The Keeshond: A Historical Look into the Dutch National Treasure
The Keeshond, or the Wolfspitz, is a Spitz-type dog breed originating in the Netherlands. The breed is named after Cornelis (Kees) de Gyselaer, a Dutch Patriot who owned a dog that resembled the Keeshond. During the Dutch Revolt, the Keeshond became a national symbol of the Netherlands, representing loyalty and patriotism. In this article, we will explore the historical context of the Keeshond breed, including its genetic makeup, migration patterns, and interactions with human populations. We will also discuss the breed’s development, highlighting important figures and events that influenced its evolution.
Keeshond in the Netherlands
Keeshond’s origins can be traced back to the 18th century in the Netherlands. At that time, the breed was known as the Dutch Barge Dog, as it was commonly used on Dutch canals to guard boats and cargo. These dogs were also popular as companion animals, and they soon became the symbol of the Dutch Patriots, a political group that opposed the House of Orange. During the Dutch Revolt, the Keeshond symbolised resistance against the House of Orange. The breed was often depicted in political cartoons as a symbol of the Dutch people’s struggle for freedom.
Keeshond’s Spitz-type Origins
The Keeshond is classified as a Spitz-type dog, which means it belongs to a group of dog breeds that share common characteristics, including thick fur, pointed ears, and a curled tail. Spitz-type dogs are believed to have originated in Asia, and they were brought to Europe by traders and travellers. The Keeshond’s Spitz-type features are believed to have originated from the Samoyed, Chow Chow, and Pomeranian breeds. The Keeshond’s thick fur and curled tail helped protect it from the cold weather, while its pointed ears helped it hear better.
Dutch Patriot and Barge Dogs
During the 18th century, the Keeshond was often called the Dutch Patriot Dog, as it was associated with the political group that opposed the House of Orange. These dogs were often seen on Dutch barges, where they guarded the cargo and the boats against intruders. The Keeshond was also used as a watchdog, as it had a keen sense of hearing and would bark to alert its owners of any danger. The breed’s popularity grew, and it soon became a common companion animal in Dutch households.
Keeshond’s Role on Dutch Canals
The Keeshond’s role on Dutch canals was critical to the breed’s survival. These dogs were often used to guard the boats and the cargo and catch rats and other pests that could damage the cargo. The breed’s thick fur and curled tail helped protect it from the cold weather, while its pointed ears helped it hear better. The Keeshond’s loyalty and obedience also made it an ideal companion for canal boat owners.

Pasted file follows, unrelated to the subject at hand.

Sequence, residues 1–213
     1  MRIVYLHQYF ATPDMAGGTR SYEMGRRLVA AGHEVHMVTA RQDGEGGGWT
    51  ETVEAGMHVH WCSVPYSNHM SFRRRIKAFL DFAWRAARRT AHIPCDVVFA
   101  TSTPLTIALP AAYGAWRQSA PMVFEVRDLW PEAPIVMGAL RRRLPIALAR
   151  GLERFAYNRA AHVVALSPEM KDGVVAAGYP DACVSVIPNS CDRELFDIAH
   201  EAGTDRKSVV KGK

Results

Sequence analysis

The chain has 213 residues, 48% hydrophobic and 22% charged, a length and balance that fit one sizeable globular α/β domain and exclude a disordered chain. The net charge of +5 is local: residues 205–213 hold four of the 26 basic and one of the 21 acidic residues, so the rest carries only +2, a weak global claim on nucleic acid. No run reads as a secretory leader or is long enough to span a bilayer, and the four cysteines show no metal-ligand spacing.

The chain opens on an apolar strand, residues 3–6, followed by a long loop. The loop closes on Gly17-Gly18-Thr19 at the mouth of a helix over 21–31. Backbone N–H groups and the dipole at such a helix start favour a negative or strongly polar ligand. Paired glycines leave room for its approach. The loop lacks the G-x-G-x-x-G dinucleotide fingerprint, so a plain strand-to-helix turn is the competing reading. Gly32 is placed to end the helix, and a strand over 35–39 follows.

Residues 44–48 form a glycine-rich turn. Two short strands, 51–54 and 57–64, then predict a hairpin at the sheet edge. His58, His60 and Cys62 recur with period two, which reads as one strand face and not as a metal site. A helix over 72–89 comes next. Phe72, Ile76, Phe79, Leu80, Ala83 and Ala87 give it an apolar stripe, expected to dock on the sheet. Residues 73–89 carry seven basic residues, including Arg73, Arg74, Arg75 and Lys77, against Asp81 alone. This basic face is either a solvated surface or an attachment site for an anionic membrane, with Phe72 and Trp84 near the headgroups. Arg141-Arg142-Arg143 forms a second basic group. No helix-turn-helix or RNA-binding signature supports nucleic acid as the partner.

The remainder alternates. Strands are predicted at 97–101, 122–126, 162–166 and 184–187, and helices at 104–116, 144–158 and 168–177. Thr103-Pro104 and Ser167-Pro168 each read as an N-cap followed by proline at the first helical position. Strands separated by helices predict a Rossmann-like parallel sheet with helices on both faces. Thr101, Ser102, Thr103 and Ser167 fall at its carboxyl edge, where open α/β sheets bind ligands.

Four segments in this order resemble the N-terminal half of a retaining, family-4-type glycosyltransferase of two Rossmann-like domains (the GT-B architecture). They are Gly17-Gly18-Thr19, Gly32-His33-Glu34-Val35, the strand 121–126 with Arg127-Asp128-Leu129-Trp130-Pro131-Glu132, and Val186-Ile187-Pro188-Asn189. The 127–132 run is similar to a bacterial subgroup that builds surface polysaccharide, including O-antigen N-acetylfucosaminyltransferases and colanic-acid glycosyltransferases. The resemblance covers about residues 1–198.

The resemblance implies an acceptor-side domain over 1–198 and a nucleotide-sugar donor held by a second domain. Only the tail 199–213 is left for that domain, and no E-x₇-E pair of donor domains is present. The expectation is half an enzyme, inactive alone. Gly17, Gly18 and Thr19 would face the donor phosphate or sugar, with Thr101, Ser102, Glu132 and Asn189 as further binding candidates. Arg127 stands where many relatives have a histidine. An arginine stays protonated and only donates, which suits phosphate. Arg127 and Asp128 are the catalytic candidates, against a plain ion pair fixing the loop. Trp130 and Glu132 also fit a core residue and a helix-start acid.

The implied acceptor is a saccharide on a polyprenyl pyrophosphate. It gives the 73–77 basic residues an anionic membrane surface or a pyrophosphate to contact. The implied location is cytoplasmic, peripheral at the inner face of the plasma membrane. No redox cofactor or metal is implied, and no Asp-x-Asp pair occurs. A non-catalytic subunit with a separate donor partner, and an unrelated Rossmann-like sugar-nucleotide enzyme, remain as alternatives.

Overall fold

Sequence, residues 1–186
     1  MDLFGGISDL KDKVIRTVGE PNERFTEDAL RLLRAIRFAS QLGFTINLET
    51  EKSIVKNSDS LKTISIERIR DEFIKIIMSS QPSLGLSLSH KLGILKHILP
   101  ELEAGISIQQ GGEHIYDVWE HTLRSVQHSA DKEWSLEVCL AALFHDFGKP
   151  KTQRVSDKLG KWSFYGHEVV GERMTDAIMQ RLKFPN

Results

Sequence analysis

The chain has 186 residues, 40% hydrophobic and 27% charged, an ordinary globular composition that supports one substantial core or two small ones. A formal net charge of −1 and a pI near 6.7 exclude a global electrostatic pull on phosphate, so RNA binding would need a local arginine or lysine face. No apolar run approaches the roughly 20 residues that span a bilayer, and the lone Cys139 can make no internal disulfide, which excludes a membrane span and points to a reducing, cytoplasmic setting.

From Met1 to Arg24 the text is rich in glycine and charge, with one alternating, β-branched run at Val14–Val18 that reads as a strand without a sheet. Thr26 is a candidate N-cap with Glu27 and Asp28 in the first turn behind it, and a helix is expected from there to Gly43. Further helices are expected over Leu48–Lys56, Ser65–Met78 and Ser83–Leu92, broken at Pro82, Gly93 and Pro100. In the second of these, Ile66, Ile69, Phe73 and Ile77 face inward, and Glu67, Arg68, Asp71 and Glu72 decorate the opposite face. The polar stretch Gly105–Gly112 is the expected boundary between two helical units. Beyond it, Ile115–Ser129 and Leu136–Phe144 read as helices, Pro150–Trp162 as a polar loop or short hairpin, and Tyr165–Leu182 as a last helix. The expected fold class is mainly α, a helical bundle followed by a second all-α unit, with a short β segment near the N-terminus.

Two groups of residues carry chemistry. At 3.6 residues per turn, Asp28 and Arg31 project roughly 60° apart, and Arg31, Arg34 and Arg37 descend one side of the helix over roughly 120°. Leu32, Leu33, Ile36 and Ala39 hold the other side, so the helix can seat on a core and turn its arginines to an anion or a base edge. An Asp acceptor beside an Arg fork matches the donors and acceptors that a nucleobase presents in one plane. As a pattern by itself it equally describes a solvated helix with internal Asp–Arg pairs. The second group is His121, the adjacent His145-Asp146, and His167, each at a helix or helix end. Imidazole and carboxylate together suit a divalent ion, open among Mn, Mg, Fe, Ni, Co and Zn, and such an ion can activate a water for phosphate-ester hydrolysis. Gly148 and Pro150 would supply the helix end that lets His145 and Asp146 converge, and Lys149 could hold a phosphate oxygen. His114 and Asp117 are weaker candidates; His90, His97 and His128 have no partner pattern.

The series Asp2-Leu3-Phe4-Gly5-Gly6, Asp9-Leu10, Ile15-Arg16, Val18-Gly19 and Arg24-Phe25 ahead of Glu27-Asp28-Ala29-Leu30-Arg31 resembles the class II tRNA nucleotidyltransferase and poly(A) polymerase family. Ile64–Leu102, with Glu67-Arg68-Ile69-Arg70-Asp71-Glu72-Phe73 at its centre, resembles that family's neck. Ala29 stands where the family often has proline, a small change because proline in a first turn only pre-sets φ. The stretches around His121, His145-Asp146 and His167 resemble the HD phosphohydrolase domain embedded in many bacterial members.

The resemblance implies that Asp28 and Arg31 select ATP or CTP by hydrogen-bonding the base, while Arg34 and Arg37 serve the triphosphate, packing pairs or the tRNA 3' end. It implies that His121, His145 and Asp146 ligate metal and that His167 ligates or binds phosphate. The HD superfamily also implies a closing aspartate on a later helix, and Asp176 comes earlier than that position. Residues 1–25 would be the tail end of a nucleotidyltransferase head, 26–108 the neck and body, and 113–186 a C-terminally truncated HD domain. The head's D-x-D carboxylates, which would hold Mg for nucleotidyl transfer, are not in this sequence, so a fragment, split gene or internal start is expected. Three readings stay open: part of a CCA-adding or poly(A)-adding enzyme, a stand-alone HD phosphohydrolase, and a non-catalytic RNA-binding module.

Royal Dutch Family and the Keeshond
The Keeshond’s popularity grew to such an extent that it caught the attention of the Royal Dutch family. Prince William of Orange was particularly fond of the breed and owned several Keeshonds during his reign. The breed’s association with the Dutch Patriots did not deter the Royal family from embracing the breed, and they soon became a fixture in the Royal household. The Keeshond’s popularity continued to soar, and the breed soon became a favourite of the Dutch people.
Keeshond’s Decline and Revival
The Keeshond’s popularity declined in the early 20th century as motor vehicles replaced canal boats, and the breed’s usefulness as a watchdog diminished. The breed also suffered during World War II, as food shortages and bombings took a toll on the breed’s population. By the war’s end, the breed was on the verge of extinction.
Fortunately, a group of breed enthusiasts led by Mrs H.M. Barkman decided to revive the breed. They began breeding Keeshonds in the post-war years, and the breed soon regained its popularity. Today, the Keeshond is recognized as a national treasure in the Netherlands and is admired for its loyalty, intelligence, and beauty.
The Keeshond is a unique and fascinating breed with a rich history. From its origins as a Dutch barge dog to its role as a national symbol, the breed has played an important role in Dutch culture and history. Despite its decline in popularity, the breed has managed to survive and thrive, thanks to the efforts of dedicated breed enthusiasts. Today, the Keeshond is a beloved companion animal, admired for its loyalty, intelligence, and affectionate nature. It’s Spitz-type features and historical significance make it a true Dutch national treasure.